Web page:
Rules governing products and services typically do not exist to facilitate trade, but to protect the public, and the regulators or associations governing them take their responsibilities seriously. So in the case of professional qualifications for accountants or architects it is typically left to the associations to agree whether their qualifications are equivalent, and Ceta only provides a framework within which this can happen. Financial services regulators are typically set up deliberately at arms length from government, and are therefore unwilling to see this autonomy reduced in a trade agreement. As an emerging area rules around data may provide an opportunity – but this is as yet untested.
It is slightly easier in the case of goods. Ceta contains a provision allowing products for sale in the Canadian market to be tested in the EU and vice versa, which should help some exporters particularly in engineering products that are typically subject to such tests. There are also provisions to streamline approvals for agricultural exports, and spirits exporters will be happy with the abolition of Canadian requirements to blend imported bulk spirits with local spirits before bottling. There are then mechanisms in place to discuss how to align regulations in the future, though these are somewhat less strong than mechanisms the EU and US envisaged in Transatlantic Trade and Investment Partnership negotiations.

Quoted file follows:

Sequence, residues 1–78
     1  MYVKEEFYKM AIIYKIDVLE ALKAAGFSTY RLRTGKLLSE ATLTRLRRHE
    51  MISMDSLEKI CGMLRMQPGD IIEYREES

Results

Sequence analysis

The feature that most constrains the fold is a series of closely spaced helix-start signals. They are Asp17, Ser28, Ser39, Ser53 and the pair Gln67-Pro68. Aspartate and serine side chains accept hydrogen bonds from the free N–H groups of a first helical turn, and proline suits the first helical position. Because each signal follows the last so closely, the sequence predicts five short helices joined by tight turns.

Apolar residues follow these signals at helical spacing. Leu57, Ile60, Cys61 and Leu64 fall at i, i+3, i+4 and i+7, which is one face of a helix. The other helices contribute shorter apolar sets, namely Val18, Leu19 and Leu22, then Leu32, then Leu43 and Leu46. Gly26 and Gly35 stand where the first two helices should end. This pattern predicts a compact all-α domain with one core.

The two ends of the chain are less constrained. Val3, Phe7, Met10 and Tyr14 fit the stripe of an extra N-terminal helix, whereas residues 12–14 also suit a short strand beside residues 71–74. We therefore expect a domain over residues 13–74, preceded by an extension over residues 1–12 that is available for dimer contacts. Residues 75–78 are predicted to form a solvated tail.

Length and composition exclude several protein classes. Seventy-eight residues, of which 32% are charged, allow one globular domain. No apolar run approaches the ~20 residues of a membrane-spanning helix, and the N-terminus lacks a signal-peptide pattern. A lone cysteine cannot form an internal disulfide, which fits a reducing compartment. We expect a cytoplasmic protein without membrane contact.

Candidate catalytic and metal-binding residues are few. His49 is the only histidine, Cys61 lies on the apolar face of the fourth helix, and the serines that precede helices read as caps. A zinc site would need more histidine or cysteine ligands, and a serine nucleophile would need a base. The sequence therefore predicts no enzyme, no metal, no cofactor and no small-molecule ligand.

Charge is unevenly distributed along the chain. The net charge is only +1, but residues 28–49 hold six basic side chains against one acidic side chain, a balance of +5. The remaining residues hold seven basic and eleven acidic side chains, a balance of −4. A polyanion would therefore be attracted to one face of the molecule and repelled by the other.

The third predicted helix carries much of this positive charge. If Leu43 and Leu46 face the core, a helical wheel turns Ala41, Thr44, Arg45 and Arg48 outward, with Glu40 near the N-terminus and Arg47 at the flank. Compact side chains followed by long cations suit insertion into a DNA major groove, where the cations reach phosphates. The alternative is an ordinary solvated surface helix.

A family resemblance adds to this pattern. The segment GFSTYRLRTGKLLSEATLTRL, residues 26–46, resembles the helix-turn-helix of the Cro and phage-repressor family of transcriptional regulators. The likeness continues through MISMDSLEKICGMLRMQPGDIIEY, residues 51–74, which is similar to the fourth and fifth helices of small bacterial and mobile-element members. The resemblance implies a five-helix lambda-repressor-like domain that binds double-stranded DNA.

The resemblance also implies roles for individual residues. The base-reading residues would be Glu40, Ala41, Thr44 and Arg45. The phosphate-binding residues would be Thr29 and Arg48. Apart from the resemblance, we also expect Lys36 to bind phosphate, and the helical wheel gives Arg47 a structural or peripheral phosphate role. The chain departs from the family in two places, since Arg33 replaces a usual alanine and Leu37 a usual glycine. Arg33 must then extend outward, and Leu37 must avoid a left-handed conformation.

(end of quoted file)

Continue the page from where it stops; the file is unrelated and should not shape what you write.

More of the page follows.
All these gains make the EU-Canada agreement worthwhile, as do strong rules chapters strengthening intellectual property rights and rules on government subsidies. It is hard though to see where further gains would be possible for a UK only agreement, particularly when we may need to consider regulatory alignment with one market against the many other significant markets to which we export. Some companies will benefit from Ceta, and that justifies the work put in by the UK government and the European Commission. But at the end of the day it is still not likely to deliver too much more than the forecast 0.1 per cent economic gain.
David Henig is the UK director of the European Centre for International Political Economy. He tweets @DavidHenigUK